Routine Tractor Service

Hey, this is Mike with
The time here is coming up when I’m gonna be using my tractor a lot and I always like
to do a routine service just prior to the use season and that’s what we’re
going to talk about today. Right now I’m gonna do an oil and filter change. I got
the tractor running to get the oil warmed up so I can drain it and get all
of it out of there and we’re gonna let her run for just a few minutes and then
we’re going to get started on the project. The first thing I’m going to do
today before I do anything is take a leaf blower and blow all the debris away
from the engine area where I’m going to be working and the reason I’m doing that
when I was a kid I was working on a Ford Torino and we worked, me and a buddy, all summer long trying to get the thing run right and we finally found a fescue seed in
the carburetor so I’m kinda paranoid about little bits of debris that can get
in the critical areas of the engine and cause it not to run right so we’re
going to blow all the debris away. The next thing I’m gonna do is remove the key because I’m gonna take the oil out of the tractor and I sure don’t want
anybody to start it up and I’m gonna put a piece of duct tape over the keyhole. Alright now we’re going to drain the
oil and on this particular tractor the four-wheel drive drive shaft runs
through the oil pan which necessitated two drain plugs, so we’ve gotta find both
of those, and open it up let the oil drain out. Now while the oil is draining and
I’m gonna let it drain a long time because I want all of that old oil I can get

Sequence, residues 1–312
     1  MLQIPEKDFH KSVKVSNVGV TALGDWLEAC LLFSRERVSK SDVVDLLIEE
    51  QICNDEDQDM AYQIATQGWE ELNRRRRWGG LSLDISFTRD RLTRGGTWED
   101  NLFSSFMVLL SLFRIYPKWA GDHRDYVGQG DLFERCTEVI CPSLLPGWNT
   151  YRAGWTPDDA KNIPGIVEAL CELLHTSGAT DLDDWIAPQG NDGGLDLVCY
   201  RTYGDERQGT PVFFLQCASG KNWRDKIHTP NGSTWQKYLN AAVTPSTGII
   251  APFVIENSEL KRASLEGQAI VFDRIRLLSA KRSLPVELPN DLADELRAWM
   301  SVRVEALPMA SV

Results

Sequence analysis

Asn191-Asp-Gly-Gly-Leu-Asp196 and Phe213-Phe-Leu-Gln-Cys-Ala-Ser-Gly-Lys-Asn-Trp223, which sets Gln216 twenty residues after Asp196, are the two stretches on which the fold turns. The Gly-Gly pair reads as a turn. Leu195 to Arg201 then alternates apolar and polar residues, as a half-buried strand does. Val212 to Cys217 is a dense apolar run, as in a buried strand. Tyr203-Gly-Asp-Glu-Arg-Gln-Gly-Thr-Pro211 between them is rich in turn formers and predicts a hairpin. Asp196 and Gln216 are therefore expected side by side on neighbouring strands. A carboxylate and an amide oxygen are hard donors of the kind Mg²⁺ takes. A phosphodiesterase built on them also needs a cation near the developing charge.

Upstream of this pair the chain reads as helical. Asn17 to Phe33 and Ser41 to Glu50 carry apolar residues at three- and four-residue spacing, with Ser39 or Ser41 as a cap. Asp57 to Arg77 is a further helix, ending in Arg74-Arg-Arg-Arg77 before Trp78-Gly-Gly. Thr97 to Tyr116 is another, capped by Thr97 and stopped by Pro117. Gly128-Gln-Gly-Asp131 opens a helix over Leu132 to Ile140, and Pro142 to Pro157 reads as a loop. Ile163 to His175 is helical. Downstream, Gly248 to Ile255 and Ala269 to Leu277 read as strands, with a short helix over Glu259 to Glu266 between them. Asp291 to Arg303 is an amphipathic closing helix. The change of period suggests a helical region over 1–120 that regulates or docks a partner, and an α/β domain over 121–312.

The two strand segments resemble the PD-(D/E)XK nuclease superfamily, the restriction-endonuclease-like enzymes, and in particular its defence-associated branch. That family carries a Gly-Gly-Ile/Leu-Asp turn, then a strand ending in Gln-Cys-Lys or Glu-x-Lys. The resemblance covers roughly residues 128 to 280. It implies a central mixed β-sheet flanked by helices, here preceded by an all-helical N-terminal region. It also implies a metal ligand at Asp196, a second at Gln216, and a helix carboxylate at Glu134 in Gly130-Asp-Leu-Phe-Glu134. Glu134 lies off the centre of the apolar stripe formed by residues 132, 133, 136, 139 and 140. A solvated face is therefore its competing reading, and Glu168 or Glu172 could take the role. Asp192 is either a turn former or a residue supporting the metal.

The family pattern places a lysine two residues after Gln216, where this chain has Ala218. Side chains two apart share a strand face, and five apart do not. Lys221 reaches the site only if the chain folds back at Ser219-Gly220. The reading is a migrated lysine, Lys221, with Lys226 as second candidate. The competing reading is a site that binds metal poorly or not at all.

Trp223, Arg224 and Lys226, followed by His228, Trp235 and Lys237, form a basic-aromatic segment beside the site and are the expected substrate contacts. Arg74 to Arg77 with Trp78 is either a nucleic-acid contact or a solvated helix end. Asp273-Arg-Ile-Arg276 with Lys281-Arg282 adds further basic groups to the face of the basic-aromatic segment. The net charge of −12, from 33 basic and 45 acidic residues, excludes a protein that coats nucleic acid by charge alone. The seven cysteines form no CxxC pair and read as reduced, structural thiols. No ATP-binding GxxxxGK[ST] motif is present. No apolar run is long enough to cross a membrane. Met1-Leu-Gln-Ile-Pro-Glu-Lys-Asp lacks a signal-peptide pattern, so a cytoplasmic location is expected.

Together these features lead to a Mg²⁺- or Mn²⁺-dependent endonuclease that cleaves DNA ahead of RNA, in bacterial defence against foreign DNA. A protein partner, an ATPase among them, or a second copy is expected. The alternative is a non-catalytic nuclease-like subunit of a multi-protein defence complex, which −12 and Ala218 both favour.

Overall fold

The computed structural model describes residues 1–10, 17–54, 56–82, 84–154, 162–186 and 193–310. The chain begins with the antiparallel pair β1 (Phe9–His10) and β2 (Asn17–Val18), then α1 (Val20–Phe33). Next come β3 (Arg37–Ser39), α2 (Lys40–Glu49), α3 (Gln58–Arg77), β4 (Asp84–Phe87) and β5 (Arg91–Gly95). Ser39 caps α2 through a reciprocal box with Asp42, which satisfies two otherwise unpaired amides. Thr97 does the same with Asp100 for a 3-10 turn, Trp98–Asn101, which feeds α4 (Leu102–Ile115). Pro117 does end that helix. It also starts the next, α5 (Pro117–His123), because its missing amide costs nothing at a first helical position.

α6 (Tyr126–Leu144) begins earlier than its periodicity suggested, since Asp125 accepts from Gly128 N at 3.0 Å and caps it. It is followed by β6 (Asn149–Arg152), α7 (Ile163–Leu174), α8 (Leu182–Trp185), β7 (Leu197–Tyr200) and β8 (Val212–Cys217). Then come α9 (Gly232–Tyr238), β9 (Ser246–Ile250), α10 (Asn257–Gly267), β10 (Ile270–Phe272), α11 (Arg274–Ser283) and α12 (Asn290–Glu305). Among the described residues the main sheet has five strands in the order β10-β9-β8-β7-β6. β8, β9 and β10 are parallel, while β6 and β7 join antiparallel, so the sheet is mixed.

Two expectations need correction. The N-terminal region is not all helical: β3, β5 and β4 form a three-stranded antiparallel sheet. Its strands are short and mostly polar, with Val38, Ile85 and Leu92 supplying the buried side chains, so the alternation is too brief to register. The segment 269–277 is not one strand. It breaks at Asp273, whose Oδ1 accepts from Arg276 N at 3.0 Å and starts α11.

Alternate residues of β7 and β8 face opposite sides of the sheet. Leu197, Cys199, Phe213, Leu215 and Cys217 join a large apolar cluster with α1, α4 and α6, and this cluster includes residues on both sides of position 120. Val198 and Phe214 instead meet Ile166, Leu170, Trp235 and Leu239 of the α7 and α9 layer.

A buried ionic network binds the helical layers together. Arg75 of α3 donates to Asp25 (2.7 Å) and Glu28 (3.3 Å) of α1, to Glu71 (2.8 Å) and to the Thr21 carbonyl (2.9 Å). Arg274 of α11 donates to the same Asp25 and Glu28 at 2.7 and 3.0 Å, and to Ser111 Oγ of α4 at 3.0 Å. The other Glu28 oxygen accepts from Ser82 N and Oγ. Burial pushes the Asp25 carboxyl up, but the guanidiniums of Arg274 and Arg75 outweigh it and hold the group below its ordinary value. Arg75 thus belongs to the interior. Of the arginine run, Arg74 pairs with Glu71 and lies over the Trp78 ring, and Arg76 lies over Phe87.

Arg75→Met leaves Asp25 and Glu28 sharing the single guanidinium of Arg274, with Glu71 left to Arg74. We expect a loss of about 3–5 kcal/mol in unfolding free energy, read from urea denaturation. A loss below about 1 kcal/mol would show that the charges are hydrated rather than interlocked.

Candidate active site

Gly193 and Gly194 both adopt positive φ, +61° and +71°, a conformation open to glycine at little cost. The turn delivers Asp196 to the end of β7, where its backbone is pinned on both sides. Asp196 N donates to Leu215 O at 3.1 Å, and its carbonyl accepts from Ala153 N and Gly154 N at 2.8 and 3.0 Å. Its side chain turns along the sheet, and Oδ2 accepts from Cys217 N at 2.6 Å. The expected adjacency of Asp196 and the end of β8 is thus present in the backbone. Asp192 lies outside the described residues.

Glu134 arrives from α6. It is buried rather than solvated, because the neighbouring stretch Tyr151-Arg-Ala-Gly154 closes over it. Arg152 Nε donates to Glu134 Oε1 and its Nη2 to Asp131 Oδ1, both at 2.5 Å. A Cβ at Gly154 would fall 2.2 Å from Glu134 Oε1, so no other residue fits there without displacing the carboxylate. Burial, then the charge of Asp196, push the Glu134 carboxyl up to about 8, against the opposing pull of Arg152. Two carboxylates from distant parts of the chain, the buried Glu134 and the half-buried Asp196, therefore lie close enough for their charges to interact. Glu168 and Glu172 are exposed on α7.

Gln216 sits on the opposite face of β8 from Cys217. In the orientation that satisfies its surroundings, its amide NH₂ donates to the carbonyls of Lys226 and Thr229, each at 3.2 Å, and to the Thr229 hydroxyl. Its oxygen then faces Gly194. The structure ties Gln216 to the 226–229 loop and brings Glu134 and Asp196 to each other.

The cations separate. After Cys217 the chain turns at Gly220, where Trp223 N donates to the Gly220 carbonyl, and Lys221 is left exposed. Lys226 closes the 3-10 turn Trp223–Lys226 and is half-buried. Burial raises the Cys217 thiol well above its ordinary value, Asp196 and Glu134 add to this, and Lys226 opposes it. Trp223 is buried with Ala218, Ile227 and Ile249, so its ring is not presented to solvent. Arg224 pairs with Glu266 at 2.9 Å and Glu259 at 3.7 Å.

out of there out I’m gonna change the oil filter. A couple of things here, two
pieces of advice…I’m gonna write today’s date on the oil filter and I’m gonna do
that with either a Sharpie or a paint pencil and then I’m going to lubricate the
gasket at the at the bottom of the oil filter with the old oil and I was taught to do that.
I don’t know if helps, but I always do it. Next thing we’re going to do is
check the air cleaner and it was pretty bad so we’re gonna replace it and in this particular
design there’s an inner and an outer air filter. Next thing I’m gonna do is grease,
grease, grease, everywhere I can find a grease zerk and there are actually I’m going to use the owners manual as a guide , there are 21 grease fittings on this tractor plus
those on the loader so there’s a lot of places you can miss if you’re not
careful and they definitely need grease. Grease is the lifeblood of farm equipment
the more you can grease that the longer it will last, be diligent about applying grease.
Right we’re getting close to the end we’re going to lubricate the gaskets on
the plugs with oil and put the plug back in on both sides Now, with oil back in the engine and it started up we’ll check the oil and it is good. One thing I didn’t do in this video is change the fuel filter and check the tire pressure and
check the tightness of the lug bolts on the tires and I’m going to do a separate video on both of those projects. Hey, I survive on web traffic I appreciate you watching